The Latin term Acta in its broadest sense means ‘the things that have been done,’ or more simply, ‘events’. Without any additional qualifiers, these events could – and did – include public and private activities; secular and sacred matters; government and civilian affairs. With additional qualifiers, these events had a narrower and even more specialized meaning. The Acta Militaria refers to published military events, the Acta Senatus indicates published senatorial events, and the Acta Triumphorum denotes the published triumphs of emperors. The main qualifier for the purposes of this study is diurna, which simply means ‘daily’. Thus, the Acta Diurna represents published ‘daily events’. Though there are no authentic fragments of these specific kinds of acta, and thus no physical features to discuss, there are ample references to them in ancient authors (again, by various nomenclature). Both Tacitus and Suetonius used these Acta as sources for information about the Empire’s earlier emperors when they were writing their histories of Rome. (Wright 2016)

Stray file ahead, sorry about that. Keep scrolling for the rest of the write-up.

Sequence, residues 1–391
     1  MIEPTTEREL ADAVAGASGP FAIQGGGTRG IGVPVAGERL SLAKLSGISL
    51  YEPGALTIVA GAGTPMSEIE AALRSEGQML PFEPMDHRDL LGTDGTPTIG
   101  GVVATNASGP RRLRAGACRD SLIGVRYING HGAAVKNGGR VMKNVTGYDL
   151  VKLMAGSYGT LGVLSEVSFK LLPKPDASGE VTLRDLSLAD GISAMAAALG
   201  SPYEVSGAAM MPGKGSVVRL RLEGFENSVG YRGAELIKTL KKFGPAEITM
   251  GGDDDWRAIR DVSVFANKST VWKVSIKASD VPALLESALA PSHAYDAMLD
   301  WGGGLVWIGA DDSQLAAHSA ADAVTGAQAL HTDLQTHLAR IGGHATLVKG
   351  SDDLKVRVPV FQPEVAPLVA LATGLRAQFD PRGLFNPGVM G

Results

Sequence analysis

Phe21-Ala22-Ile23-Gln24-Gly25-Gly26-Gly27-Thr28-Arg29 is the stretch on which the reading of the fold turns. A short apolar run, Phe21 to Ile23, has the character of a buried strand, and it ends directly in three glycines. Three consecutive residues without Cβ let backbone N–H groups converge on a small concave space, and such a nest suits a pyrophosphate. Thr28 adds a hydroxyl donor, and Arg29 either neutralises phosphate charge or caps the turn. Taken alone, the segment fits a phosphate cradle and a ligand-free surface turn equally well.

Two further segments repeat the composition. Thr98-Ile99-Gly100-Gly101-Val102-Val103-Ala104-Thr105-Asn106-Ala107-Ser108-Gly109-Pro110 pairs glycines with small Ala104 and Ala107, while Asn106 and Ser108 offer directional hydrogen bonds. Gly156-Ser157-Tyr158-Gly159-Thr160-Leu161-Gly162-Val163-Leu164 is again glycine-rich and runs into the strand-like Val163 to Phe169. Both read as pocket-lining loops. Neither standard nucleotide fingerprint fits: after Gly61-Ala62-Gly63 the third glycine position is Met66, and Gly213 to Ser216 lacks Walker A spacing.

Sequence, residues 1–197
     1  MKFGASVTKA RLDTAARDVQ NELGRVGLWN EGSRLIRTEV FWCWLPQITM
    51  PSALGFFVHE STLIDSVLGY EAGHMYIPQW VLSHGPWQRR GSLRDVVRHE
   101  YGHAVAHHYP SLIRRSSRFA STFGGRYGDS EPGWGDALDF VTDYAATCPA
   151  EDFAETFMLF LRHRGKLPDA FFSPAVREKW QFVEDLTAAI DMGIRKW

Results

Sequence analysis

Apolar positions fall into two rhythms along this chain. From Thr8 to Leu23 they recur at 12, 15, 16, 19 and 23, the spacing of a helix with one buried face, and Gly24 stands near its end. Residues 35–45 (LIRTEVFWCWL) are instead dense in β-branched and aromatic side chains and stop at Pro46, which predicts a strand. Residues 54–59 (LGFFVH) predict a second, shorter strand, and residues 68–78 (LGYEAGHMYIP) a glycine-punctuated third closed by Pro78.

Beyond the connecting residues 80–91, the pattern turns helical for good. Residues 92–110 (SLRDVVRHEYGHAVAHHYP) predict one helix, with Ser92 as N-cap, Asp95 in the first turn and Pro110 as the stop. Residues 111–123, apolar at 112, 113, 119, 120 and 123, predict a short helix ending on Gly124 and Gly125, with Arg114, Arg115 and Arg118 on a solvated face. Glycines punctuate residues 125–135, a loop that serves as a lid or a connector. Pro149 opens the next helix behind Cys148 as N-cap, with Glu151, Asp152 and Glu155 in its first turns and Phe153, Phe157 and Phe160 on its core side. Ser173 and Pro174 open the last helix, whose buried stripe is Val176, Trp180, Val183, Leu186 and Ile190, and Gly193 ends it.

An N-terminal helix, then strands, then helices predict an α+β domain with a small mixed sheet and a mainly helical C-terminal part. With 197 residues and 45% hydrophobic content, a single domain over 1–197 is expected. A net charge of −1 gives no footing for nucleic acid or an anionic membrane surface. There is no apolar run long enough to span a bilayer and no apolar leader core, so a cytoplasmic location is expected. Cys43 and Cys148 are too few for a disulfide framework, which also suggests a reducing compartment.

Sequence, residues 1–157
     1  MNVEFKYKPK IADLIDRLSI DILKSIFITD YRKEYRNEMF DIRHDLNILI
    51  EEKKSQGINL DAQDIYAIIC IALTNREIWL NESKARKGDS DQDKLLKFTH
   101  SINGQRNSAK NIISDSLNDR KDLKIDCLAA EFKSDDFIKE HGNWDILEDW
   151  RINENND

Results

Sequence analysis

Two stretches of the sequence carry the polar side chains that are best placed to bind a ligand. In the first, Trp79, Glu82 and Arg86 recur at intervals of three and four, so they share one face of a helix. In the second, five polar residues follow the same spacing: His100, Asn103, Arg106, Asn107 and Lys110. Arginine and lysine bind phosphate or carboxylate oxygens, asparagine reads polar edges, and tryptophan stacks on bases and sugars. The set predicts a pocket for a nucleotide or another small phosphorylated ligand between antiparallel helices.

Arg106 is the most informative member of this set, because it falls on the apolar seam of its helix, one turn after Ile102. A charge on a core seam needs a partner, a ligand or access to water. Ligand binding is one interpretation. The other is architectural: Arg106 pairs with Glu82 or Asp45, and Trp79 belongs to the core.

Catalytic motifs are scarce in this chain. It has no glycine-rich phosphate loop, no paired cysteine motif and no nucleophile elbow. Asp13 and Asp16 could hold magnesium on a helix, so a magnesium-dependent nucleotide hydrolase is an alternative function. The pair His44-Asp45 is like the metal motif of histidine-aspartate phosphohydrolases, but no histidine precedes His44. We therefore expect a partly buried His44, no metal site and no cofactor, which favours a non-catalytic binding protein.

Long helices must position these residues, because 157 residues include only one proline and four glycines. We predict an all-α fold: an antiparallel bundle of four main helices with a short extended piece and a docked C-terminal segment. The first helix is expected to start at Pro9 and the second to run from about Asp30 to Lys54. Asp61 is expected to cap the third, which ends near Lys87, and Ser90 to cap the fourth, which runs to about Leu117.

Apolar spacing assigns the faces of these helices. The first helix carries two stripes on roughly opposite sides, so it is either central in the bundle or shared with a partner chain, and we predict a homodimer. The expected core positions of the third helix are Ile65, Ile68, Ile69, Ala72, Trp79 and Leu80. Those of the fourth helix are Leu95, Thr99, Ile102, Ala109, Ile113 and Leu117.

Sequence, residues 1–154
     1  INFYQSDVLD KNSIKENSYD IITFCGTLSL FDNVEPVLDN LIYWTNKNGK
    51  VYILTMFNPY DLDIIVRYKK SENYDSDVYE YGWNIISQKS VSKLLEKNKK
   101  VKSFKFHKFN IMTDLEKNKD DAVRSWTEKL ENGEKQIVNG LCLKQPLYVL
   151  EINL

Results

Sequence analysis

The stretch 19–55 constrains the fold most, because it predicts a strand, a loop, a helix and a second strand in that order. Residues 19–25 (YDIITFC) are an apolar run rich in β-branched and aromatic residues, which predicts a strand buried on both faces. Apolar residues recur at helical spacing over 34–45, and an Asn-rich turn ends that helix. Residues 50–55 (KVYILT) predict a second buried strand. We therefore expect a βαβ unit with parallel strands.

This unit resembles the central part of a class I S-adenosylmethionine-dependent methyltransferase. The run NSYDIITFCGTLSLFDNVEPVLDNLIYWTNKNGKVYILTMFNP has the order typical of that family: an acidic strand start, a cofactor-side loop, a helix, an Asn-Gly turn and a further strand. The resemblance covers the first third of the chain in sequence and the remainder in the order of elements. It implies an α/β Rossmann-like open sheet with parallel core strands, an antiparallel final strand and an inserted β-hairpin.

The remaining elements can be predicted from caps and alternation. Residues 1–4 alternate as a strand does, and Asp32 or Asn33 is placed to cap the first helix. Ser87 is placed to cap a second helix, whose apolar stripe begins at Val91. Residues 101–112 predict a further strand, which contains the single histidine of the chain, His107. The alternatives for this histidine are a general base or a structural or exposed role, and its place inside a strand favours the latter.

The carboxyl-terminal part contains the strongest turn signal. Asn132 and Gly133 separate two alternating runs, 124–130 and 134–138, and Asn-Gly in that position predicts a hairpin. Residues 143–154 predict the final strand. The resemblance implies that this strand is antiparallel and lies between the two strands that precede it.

Moreover, it should be noted that the Roman Acta Diurna (Daily Acts/Events or Daily Public Records) was not the only newspaper of its kind during this period of 59 B.C.E. to about 222 C.E. Around 225 C.E., we find a Roman official ordering several mayors in the Hermopolite region of Egypt to post copies of his letter ‘in well-known places so that all may be aware of his pronouncements’ (P. Oxy. 2705). When we consider these things on face value, they indicate that notices were being written so that the populace could be updated about current affairs by reading them, not having them read to them.
We can conclude from these facts that reading, writing, and the dissemination of information was far wider than has long been held, with a much higher basic literacy level, which then adds to our understanding of the writing, publication, and distribution of the Greek New Testament letters that were read in the Christian congregations throughout the Roman Empire (Col. 4:46; 1 Thess. 5:27; 1 Tim. 4:13; Jam. 1:1; Rev. 1:3). Evidence indicates a far higher level of basic literacy throughout the Roman Empire than thought, as well as Christians who originated primarily as Jewish converts who prided themselves on their ability to read and write, coupled with a message that they were commanded to evangelize to the whole inhabited earth (Matt. 24:14; 28:19-20; Ac 1:8). As a result, it is no exaggeration to say that Christians were able to take over the Roman power that had a military unlike any other up to that time, by growing the faith in a pagan world. They went from 120 disciples at Pentecost in 33 C.E. to over one million disciples a century later.